Partnerships and governance
The question of governance is a question of power. Those wielding control over forests have far-reaching impacts on the lives of forest-dependent people: Can it be lawfully used for food, fuel, and finance? Is there security of tenure to create a lasting improvement and a sustainable future? Will the forest stay standing for generations or be gone in the blink of an eye?
Local people are often the only ones who can protect the forests, yet policy-makers rarely consider what would inspire them to do so – agreed secure benefits. The ears of the powerful are hard to reach.
Making progress often means improving the capacity of forest-dependent people to voice their concerns and patterns of control over forests in the national and international spheres. Networks are needed to link local forest communities to one another, share understanding and work in partnership for improvements. And further links are needed from the local to the global level, between affected people and decision-makers. The collective voice needs to be raised above the din of the powerful to put power back in the hands of those who should be being heard. Social justice towards sustainability and locally controlled forestry are the goals. As this International Year of Forests progresses, an opportunity is arising to put these goals firmly on the platform.
Throughout the year, we will profile books, reports, blogs and articles about partnerships and governance, encouraging feedback and debate on this pivotal issue. Some of the current work of the forest team is listed below.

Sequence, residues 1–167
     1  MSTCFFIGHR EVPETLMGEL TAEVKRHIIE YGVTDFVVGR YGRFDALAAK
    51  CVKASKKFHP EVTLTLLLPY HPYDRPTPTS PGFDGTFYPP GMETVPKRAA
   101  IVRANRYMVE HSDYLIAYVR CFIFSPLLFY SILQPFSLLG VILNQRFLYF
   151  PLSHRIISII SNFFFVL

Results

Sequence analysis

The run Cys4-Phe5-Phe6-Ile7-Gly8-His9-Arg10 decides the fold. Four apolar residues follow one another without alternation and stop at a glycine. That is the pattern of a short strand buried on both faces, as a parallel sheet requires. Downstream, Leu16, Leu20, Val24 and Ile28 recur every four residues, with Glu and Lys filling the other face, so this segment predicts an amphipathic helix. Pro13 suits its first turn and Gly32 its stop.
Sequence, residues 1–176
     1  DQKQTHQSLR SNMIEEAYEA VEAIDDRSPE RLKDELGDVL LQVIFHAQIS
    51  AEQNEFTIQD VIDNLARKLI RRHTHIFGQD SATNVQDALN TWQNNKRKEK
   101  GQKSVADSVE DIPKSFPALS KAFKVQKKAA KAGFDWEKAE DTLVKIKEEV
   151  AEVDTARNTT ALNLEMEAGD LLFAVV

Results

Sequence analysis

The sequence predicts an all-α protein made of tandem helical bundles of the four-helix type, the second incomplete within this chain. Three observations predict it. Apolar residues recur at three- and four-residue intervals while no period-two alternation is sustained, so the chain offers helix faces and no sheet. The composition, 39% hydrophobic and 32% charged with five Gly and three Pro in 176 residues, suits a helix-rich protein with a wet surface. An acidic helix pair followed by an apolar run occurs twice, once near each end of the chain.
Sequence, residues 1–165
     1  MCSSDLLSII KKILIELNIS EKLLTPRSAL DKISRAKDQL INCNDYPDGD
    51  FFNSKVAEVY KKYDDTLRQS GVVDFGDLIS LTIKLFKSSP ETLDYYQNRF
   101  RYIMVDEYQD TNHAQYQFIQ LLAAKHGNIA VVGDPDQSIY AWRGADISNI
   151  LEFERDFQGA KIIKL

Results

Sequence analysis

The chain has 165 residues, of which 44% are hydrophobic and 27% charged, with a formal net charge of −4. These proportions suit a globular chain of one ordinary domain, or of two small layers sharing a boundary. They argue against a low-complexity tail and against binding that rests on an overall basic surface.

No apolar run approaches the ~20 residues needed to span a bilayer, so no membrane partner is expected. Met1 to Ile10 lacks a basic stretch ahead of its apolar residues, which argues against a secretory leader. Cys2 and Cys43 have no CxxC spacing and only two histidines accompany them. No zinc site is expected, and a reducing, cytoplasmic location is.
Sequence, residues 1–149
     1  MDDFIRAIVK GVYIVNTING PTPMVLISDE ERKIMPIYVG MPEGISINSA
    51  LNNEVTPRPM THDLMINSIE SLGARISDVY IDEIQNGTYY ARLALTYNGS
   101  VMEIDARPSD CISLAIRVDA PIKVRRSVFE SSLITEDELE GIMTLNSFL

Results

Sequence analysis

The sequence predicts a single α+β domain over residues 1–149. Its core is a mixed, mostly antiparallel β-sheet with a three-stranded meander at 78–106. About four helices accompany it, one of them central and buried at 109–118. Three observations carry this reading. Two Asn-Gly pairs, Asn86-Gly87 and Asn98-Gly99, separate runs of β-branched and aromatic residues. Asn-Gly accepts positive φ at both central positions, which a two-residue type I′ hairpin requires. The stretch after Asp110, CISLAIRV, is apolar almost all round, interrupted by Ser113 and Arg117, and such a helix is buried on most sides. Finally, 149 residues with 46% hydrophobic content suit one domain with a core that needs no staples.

Sanity in REDD governance shock! August 2011
Uganda's forest grabbers are back - but the people are ready August 2011
When we care for it....preserving the cultural and spiritual value of forests July 2011
Would you like to be my partner? May 2011
Nepal: Space to debate, opportunities to act March 2011
Lumbering Illegality: how to make timber sustainable and pro-poor January 2011
Local voice, global forest, local forest, global voice January 2011
Monthly research highlight: Growing Forest Partnerships, an innovative collaborative project between IIED, FAO and IUCN, funded by the World Bank.
Policy that works for forests and people A series of reports dating back to the mid nineties, looking at the forces at play in contests over policy, the winners and losers, and the factors that affect policy outcomes.
Forest Governance Learning Group Country teams across Africa and Asia are generating evidence for particular policy and practice options, developing tools and tactics for reform. As REDD becomes an urgent international issue, the teams consider its practical national and regional implications, whilst working on forest rights and small forest enterprise; legitimate forest products; and pro-poor climate-change mitigation and adaptation through forestry.
Growing Forest Partnerships This initiative is about building up and supporting networks at local, national and international levels. Through this process, it seeks to improve the connections between forests and other sectors. It aims to ensure that global discussions about forests include the real and current challenges that forest-dependent people and local forest managers are facing, bringing the voices of local communities and indigenous peoples forward to influence decision-making.
The Forests Dialogue This organisation fosters dialogue on intractable or controversial issues in forestry and then pushes to get the results implemented. With the Forests Dialogue, IIED will contribute to resolving some of these issues, notably on free, prior and informed consent, investing in locally controlled forestry and on in-country readiness for REDD.
For all comments and enquiries please email the Forest Team